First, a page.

China has raised interest rates for the first time since 2007, as it tries to rein in inflation and dampen its red-hot real estate market.
The People's Bank of China said it will raise its one-year lending rate to 5.6% from 5.31% and its one-year deposit rate to 2.5% from 2.25%.
This is the first time China has raised the cost of borrowing since onset of the global financial crisis.
The surprise move caught financial markets and investors off guard.
European and US stocks fell, with mining companies hit on fears that slower growth in China would hurt demand for raw materials.
The dollar rose as the rate rise made investors more risk averse. The dollar tends to be regarded as a relative safe haven in times of uncertainty.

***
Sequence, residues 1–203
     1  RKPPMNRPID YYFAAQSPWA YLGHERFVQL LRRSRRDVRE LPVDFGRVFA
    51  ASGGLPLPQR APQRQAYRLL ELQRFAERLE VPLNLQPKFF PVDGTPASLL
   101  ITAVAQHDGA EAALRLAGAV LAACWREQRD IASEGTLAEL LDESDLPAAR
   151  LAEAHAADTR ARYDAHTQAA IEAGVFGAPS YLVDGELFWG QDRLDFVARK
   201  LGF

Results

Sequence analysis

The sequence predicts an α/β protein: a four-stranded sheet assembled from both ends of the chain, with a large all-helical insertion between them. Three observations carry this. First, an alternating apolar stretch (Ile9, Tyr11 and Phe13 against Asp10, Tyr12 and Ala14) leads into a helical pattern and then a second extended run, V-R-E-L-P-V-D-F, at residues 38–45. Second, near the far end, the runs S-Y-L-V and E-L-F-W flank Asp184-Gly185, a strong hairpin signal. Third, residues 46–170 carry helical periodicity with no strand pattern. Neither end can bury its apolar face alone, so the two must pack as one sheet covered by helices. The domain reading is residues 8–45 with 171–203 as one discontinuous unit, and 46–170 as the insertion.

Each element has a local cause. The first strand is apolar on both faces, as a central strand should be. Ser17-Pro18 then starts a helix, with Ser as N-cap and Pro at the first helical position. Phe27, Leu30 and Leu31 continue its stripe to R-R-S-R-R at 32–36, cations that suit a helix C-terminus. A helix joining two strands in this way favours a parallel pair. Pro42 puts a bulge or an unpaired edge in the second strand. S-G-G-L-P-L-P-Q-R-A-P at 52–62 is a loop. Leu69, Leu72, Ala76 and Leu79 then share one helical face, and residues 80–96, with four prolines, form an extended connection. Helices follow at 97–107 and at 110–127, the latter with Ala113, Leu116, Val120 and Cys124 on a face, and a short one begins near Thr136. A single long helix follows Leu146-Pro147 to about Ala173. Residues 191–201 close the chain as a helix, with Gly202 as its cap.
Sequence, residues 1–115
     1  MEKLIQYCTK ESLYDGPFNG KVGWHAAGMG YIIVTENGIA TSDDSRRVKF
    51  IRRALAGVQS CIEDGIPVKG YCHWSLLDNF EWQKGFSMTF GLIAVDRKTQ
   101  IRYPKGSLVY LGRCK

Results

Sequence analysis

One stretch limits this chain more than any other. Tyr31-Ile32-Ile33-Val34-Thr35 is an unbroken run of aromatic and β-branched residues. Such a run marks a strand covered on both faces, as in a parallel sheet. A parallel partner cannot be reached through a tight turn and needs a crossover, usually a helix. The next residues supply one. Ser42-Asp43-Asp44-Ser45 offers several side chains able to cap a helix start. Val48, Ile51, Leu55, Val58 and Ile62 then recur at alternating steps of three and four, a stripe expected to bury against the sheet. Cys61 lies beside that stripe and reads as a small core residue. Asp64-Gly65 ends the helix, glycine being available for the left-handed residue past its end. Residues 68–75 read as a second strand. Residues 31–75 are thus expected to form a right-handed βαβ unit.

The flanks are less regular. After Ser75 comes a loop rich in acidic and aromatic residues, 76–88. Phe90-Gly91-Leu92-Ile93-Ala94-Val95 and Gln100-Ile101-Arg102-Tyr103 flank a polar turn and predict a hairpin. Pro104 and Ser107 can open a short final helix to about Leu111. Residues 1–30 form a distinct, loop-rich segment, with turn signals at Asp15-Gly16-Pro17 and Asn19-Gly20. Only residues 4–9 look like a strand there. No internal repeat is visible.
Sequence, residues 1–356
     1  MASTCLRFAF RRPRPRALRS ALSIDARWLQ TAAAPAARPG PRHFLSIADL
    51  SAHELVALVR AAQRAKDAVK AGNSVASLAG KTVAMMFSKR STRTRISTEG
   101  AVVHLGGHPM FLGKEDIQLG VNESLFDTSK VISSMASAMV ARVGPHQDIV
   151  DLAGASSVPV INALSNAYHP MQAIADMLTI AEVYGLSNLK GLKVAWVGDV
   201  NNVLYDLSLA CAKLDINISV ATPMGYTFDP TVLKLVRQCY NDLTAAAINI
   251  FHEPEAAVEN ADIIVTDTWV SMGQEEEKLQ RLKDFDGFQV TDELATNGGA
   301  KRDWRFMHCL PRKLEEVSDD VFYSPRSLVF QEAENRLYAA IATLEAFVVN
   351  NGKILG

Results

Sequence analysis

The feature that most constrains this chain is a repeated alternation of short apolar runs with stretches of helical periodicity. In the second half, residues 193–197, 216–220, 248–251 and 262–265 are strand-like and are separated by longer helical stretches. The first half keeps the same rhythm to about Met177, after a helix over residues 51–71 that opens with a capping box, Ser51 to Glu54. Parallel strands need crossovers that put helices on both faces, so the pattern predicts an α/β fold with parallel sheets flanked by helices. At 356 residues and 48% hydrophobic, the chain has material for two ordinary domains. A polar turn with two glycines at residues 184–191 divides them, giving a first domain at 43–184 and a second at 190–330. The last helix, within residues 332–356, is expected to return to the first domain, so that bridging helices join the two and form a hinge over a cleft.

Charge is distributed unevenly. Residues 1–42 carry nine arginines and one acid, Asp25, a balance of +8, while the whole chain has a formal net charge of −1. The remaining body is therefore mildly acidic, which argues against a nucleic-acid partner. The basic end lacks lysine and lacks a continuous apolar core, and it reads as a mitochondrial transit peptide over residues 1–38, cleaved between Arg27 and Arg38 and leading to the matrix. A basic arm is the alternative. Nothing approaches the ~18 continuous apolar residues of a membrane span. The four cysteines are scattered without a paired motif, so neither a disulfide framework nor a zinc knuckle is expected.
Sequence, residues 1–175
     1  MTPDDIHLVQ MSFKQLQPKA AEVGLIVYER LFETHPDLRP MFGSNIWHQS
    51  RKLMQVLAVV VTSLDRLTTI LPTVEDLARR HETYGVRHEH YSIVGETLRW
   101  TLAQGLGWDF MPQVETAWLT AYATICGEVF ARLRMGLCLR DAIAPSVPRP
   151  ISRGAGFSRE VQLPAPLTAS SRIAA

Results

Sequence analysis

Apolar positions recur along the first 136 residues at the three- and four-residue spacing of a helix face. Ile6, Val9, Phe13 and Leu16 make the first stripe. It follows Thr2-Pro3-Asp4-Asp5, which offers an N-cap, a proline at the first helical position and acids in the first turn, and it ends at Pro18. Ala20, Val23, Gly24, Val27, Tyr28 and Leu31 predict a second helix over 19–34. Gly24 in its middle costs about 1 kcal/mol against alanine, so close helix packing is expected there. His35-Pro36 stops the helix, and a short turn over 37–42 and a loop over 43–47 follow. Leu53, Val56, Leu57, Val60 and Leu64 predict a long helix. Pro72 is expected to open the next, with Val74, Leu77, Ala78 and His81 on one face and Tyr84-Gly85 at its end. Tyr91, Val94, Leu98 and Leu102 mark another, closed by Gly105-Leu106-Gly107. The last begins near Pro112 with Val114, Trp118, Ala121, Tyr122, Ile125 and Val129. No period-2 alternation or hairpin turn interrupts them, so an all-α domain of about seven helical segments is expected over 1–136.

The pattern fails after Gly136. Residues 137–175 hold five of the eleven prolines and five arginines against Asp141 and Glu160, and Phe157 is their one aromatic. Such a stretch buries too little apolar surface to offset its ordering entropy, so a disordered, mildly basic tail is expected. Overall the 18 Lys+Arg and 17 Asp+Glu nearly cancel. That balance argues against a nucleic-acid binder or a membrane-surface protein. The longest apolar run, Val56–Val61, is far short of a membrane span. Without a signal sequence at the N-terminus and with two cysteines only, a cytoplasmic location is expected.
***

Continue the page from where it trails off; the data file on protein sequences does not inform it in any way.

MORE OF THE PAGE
Analysts said China had delayed raising rates fearing it could led to an influx of speculative money, making it more difficult to keep its currency stable.
Inflation has been picking up in recent months and property prices in major Chinese cities have remained high despite measures to prevent a bubble.
The government was also keen to rein in a recent surge in bank lending that could lead to the economy overheating.
"The government has given a strong signal that it would like credit growth to slow," said Mark Williams, China economist at Capital Economics.